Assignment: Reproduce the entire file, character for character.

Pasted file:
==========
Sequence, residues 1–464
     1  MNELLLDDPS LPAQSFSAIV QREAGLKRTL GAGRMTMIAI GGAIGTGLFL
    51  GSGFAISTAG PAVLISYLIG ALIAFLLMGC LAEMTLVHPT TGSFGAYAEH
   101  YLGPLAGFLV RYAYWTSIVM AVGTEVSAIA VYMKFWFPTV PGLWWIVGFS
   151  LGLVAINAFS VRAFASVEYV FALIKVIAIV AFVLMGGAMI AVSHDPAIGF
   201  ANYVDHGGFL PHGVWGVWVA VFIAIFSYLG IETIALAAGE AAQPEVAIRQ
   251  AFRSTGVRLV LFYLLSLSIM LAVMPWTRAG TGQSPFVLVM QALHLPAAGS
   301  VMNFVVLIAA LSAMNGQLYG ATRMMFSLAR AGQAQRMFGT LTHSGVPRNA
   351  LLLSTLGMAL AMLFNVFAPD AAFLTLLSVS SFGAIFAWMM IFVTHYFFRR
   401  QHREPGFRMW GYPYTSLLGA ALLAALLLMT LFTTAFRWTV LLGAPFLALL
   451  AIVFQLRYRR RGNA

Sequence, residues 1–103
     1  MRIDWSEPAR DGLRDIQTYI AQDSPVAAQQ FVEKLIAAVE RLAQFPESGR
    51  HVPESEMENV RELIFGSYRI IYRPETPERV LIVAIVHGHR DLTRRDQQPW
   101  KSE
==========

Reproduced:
Sequence, residues 1–464
     1  MNELLLDDPS LPAQSFSAIV QREAGLKRTL GAGRMTMIAI GGAIGTGLFL
    51  GSGFAISTAG PAVLISYLIG ALIAFLLMGC LAEMTLVHPT TGSFGAYAEH
   101  YLGPLAGFLV RYAYWTSIVM AVGTEVSAIA VYMKFWFPTV PGLWWIVGFS
   151  LGLVAINAFS VRAFASVEYV FALIKVIAIV AFVLMGGAMI AVSHDPAIGF
   201  ANYVDHGGFL PHGVWGVWVA VFIAIFSYLG IETIALAAGE AAQPEVAIRQ
   251  AFRSTGVRLV LFYLLSLSIM LAVMPWTRAG TGQSPFVLVM QALHLPAAGS
   301  VMNFVVLIAA LSAMNGQLYG ATRMMFSLAR AGQAQRMFGT LTHSGVPRNA
   351  LLLSTLGMAL AMLFNVFAPD AAFLTLLSVS SFGAIFAWMM IFVTHYFFRR
   401  QHREPGFRMW GYPYTSLLGA ALLAALLLMT LFTTAFRWTV LLGAPFLALL
   451  AIVFQLRYRR RGNA

Sequence, residues 1–103
     1  MRIDWSEPAR DGLRDIQTYI AQDSPVAAQQ FVEKLIAAVE RLAQFPESGR
    51  HVPESEMENV RELIFGSYRI IYRPETPERV LIVAIVHGHR DLTRRDQQPW
   101  KSE